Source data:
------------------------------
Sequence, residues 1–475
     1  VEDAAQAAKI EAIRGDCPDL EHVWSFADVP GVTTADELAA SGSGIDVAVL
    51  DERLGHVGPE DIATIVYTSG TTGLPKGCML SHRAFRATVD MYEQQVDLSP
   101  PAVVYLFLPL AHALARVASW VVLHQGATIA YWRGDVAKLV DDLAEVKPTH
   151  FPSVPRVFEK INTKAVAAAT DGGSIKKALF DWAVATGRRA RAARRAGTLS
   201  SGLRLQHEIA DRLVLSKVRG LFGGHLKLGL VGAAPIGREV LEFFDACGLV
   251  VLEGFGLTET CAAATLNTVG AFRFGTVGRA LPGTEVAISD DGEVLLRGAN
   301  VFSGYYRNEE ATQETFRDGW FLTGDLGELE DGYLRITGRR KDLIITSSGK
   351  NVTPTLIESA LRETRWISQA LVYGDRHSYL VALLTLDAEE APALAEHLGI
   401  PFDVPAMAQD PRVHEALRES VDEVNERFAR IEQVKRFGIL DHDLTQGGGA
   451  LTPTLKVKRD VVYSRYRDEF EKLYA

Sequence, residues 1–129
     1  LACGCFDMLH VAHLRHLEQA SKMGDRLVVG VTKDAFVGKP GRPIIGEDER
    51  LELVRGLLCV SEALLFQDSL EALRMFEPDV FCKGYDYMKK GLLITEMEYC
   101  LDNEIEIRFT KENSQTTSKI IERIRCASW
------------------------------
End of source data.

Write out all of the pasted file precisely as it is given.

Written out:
Sequence, residues 1–475
     1  VEDAAQAAKI EAIRGDCPDL EHVWSFADVP GVTTADELAA SGSGIDVAVL
    51  DERLGHVGPE DIATIVYTSG TTGLPKGCML SHRAFRATVD MYEQQVDLSP
   101  PAVVYLFLPL AHALARVASW VVLHQGATIA YWRGDVAKLV DDLAEVKPTH
   151  FPSVPRVFEK INTKAVAAAT DGGSIKKALF DWAVATGRRA RAARRAGTLS
   201  SGLRLQHEIA DRLVLSKVRG LFGGHLKLGL VGAAPIGREV LEFFDACGLV
   251  VLEGFGLTET CAAATLNTVG AFRFGTVGRA LPGTEVAISD DGEVLLRGAN
   301  VFSGYYRNEE ATQETFRDGW FLTGDLGELE DGYLRITGRR KDLIITSSGK
   351  NVTPTLIESA LRETRWISQA LVYGDRHSYL VALLTLDAEE APALAEHLGI
   401  PFDVPAMAQD PRVHEALRES VDEVNERFAR IEQVKRFGIL DHDLTQGGGA
   451  LTPTLKVKRD VVYSRYRDEF EKLYA

Sequence, residues 1–129
     1  LACGCFDMLH VAHLRHLEQA SKMGDRLVVG VTKDAFVGKP GRPIIGEDER
    51  LELVRGLLCV SEALLFQDSL EALRMFEPDV FCKGYDYMKK GLLITEMEYC
   101  LDNEIEIRFT KENSQTTSKI IERIRCASW